In terms of the stock market, our twin levels S&P (INDEXSP:.INX) 1435 and NDX (INDEXNASDAQ:NDX) 2700 remain the levels of lore for investors galore.
It’s been a long time since I put some real elbow grease into a column, or at least one that’s not nuts and guts financial stuff.
That’s what I did for the better part of yesterday, and the result was The Devolution of Social Mood. I, like every other human being, was profoundly impacted by the events of last Friday, and I thank you—and Minyanville—for the opportunity to share those feelings.
In terms of the stock market, our twin levels S&P (INDEXSP:.INX) 1435 and NDX (INDEXNASDAQ:NDX) 2700 remain the levels of lore for investors galore. We’ve been talking about them for a while as they matter in a big way (for the “why,” click here). While those emerging patterns look pretty snazzy, I will again remind you to respect — but never defer to — the price action.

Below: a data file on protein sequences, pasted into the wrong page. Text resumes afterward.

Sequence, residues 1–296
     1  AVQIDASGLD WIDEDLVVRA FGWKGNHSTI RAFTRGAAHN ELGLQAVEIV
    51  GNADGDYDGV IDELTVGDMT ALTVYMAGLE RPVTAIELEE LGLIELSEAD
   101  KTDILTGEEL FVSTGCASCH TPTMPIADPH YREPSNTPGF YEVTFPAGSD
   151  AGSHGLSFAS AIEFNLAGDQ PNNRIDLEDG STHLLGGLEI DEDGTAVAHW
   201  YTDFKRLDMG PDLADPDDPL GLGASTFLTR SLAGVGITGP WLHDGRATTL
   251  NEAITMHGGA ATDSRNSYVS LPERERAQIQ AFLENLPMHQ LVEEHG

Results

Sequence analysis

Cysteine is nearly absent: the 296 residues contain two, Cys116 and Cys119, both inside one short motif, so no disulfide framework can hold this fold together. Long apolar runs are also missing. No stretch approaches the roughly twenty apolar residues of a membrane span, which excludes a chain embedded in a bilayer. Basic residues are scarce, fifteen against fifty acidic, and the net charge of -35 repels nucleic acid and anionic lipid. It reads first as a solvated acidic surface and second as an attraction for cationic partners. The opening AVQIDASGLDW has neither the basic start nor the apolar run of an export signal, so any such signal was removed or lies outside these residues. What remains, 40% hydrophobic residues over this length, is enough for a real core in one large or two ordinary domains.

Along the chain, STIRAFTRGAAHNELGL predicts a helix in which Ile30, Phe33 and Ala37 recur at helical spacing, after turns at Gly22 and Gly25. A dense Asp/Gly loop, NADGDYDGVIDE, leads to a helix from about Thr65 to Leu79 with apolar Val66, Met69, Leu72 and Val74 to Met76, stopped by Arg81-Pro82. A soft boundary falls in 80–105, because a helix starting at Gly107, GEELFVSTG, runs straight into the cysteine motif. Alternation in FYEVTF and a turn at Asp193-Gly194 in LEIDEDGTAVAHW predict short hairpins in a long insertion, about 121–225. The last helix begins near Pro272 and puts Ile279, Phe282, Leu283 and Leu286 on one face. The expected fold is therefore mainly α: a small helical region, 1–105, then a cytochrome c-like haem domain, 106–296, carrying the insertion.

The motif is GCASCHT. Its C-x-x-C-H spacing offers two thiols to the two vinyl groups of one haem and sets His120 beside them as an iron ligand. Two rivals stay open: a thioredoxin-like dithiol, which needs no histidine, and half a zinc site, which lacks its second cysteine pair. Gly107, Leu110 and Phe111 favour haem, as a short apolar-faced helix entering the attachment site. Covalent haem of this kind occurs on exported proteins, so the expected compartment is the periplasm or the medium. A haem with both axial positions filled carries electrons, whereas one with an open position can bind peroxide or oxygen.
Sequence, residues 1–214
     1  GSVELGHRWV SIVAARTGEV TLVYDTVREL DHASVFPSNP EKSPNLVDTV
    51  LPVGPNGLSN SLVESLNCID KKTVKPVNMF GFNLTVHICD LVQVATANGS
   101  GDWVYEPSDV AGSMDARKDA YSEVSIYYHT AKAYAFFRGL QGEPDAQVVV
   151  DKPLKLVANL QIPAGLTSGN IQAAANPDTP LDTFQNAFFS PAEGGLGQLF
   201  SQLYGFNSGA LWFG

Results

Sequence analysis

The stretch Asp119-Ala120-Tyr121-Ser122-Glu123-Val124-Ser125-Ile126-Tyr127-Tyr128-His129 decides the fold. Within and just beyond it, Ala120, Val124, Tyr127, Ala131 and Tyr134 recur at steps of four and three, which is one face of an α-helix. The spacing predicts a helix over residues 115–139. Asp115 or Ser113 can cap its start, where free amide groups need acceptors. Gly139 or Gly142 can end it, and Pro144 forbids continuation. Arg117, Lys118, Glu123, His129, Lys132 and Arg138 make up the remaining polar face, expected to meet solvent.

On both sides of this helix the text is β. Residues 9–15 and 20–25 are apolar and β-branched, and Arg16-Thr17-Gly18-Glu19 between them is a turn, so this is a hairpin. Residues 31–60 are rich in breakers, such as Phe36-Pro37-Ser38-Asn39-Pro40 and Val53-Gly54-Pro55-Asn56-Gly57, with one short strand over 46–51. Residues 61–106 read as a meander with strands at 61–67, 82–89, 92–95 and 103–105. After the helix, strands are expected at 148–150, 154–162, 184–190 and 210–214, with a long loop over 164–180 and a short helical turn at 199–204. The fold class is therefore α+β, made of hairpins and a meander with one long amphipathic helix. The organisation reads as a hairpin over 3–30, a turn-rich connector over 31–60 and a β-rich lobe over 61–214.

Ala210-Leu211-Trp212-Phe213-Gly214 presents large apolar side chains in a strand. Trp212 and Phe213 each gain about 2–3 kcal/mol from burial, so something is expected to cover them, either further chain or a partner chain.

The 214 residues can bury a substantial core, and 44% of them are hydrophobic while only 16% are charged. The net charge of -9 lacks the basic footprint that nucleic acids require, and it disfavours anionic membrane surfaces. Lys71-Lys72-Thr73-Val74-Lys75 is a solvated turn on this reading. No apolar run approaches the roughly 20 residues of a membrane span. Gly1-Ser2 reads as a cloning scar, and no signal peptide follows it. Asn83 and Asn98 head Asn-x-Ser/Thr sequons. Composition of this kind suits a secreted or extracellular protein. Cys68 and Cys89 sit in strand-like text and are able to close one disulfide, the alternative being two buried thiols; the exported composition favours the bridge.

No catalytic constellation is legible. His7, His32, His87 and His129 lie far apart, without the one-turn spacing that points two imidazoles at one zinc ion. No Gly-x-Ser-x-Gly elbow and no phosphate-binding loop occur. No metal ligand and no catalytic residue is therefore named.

That’s the pure technical lens; in terms of fundamentals, we’ve got bullish balance sheets (credit) in corporate America squared off against the headwind of higher taxes and austerity measures, neither of which is pro-growth. The bulls will argue that fiscal cliff concerns have stemmed business activity, but that’s conjecture until proved otherwise.
Structurally, Europe seems to be kicking the can up the hill (read: it’ll be “fine” until it’s not) and currency markets warrant attention (there are only so many “release valves” for the cumulative compression in the marketplace; one of them is social mood, another is the currency construct). We broached this topic in 2009 when we asked, How Realistic Is a North American Currency?
Through a psychological lens, you know the deal: performance anxiety galore with seven days left in the year; the buyers are higher and the sellers are lower. Losing money as a fund manager on Wall Street is acceptable, as long as others lose more. Making money? That’s fine, but not good enough if others—particularly the benchmark—made more.
It’s a relative dynamic in an absolute world, but as we know, perception is reality in the marketplace.